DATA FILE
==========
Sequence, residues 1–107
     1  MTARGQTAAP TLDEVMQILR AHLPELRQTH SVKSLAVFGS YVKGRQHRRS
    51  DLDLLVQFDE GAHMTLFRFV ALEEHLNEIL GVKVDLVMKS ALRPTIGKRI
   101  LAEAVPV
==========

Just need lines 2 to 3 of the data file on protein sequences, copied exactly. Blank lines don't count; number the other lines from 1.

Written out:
     1  MTARGQTAAP TLDEVMQILR AHLPELRQTH SVKSLAVFGS YVKGRQHRRS
    51  DLDLLVQFDE GAHMTLFRFV ALEEHLNEIL GVKVDLVMKS ALRPTIGKRI